Canadian Warplanes 6: Boeing E-3 Sentry
Boeing E-3 Sentry
NATO E-3s possess LX tail registration, as they are registered in Luxembourg. The chin bulge houses a suite of electronic warfare support measure
The Boeing E-3 Sentry is an American airborne early warning and control (AEW&C) aircraft developed by Boeing. E-3s are commonly known as AWACS (Airborne Warning and Control System). Derived from the Boeing 707 airliner, it provides all-weather surveillance, command, control, and communications, and is used by the United States Air Force, NATO, French Air and Space Force, and Royal Saudi Air Force. The E-3 is distinguished by the distinctive rotating radar dome (rotodome) above the fuselage. Production ended in 1992 after 68 aircraft had been built.
The E-3 Sentry's airframe is a modified Boeing 707-320B Advanced model. Modifications include a rotating radar dome (rotodome), uprated hydraulics from 241 to 345 bar (3500–5000 PSI) to drive the rotodome, single-point ground refueling, air refueling, and a bail-out tunnel or chute. A second bail-out chute was deleted to cut mounting costs.
USAF and NATO E-3s have an unrefueled range of 7,400 km (4,600 mi) or 8 hours of flying. The newer E-3 versions bought by France, Saudi Arabia, and the UK are equipped with newer CFM56-2 turbofan engines, and these can fly for about 11 hours or more than 9,250 km (5,750 mi). The Sentry's range and on-station time can be increased through air-to-air refueling and the crews can work in shifts by the use of an on-board crew rest and meals area. The aircraft are equipped with one toilet in the rear, and one behind the cockpit.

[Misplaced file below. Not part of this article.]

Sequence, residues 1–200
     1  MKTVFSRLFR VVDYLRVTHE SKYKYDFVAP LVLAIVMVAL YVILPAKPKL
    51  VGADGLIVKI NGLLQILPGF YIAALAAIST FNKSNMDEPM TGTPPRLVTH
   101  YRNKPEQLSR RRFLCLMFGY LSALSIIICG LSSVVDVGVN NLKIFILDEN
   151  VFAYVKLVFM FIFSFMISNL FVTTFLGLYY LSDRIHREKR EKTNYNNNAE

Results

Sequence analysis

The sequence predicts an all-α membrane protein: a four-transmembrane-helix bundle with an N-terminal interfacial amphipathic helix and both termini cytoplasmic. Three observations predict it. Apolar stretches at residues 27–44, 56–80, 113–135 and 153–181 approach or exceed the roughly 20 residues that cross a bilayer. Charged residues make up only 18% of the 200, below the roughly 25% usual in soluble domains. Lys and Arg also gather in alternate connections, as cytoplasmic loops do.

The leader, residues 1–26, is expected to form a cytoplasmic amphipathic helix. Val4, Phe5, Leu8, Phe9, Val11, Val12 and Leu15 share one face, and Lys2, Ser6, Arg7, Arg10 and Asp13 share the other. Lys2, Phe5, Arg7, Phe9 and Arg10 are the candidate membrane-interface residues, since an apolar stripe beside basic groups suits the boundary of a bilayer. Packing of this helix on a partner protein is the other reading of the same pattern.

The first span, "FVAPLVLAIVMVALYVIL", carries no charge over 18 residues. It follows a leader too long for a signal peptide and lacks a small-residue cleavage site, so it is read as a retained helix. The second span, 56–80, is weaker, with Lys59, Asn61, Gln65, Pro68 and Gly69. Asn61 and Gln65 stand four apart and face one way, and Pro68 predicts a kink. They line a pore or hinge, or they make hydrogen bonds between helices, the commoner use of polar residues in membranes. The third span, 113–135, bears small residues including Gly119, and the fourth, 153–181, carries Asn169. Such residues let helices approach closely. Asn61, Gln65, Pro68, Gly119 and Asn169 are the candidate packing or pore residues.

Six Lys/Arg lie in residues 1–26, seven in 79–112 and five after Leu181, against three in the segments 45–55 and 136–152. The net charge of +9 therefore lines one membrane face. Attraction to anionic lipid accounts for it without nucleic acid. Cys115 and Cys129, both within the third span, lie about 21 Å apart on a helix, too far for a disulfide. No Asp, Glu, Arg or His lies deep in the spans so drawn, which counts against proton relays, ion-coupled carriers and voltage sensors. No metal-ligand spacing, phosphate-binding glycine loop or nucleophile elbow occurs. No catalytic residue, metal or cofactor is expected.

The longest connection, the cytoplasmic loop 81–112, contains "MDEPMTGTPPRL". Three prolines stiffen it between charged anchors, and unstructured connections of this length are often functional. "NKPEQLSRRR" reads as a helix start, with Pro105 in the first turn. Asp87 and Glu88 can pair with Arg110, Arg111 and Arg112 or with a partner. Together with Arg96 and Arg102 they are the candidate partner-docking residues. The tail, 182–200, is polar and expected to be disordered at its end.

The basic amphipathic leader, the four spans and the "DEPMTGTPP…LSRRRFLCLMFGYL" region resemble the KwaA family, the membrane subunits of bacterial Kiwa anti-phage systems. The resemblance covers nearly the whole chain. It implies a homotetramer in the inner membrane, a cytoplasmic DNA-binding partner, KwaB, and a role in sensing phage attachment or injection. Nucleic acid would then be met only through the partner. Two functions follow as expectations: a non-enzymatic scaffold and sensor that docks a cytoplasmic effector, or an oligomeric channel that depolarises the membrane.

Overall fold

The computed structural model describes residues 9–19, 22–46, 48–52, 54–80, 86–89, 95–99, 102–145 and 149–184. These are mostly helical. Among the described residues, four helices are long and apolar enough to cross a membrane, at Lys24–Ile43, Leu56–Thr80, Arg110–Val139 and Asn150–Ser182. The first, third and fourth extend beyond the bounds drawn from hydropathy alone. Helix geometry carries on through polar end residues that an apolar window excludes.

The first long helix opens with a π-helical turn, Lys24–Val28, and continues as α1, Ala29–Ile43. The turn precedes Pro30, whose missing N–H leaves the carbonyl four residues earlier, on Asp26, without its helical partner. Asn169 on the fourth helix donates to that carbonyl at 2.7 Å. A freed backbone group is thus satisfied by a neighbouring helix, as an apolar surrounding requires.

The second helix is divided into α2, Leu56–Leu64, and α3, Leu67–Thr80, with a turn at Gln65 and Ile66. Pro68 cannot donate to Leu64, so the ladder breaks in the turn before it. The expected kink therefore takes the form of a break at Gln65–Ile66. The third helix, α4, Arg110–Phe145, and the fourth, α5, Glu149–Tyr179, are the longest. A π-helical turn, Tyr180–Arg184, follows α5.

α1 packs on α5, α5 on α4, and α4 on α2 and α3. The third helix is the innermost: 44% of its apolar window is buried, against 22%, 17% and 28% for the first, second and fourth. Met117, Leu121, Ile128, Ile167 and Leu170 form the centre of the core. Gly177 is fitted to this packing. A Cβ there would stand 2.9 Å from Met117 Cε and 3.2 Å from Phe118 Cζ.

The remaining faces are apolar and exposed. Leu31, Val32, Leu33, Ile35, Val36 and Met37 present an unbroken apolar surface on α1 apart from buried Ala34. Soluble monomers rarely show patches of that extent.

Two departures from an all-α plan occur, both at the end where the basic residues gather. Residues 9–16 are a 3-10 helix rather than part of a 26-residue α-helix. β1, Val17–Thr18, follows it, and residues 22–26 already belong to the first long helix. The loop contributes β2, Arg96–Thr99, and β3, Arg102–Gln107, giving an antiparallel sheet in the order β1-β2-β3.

NATO acquired 18 E-3As and support equipment, with the first aircraft delivered in January 1982. The aircraft are registered in Luxembourg. The eighteen E-3s were operated by Number 1, 2 and 3 Squadrons of NATO's E-3 Component, based at NATO Air Base Geilenkirchen. NATO E-3s participated in Operation Eagle Assist after the September 11 attacks on the World Trade Center towers and the Pentagon. NATO and RAF E-3s participated in the military intervention in Libya. Presently, 16 NATO E-3As are in the inventory, since one E-3 was lost in a crash and one was retired from service in 2015. (Wikipedia)
(Timothy A. Gonsalves Photo)
Boeing E-3A Sentry of the NATO E-3A Component, 22 July 2015.
18 E-3 AWACS were purchased – 1 was written off in Greece, 3 were retired from service. Mainly responsible for monitoring European NATO airspace, they have also been deployed outside the area in support of NATO commitments. The 20 multinational crews  are provided by 15 of the 28 NATO member states.
NATO Airborne Early Warning and Control Force – E-3A Component. Based at Geilenkirchen (Germany), with forward operating bases at Konya (Turkey), Preveza/Aktion (Greece) and Trapani/Birgi (Italy) and a forward operating location at Ørland (Norway).Aircrew Training Squadron Flying Squadron No. 1 Flying Squadron No. 2 Flying Squadron No. 3 was disbanded in 2015.
(Björn Strey Photo)
NATO E-3A Component taking off from Hanover/Langenhagen International Airport.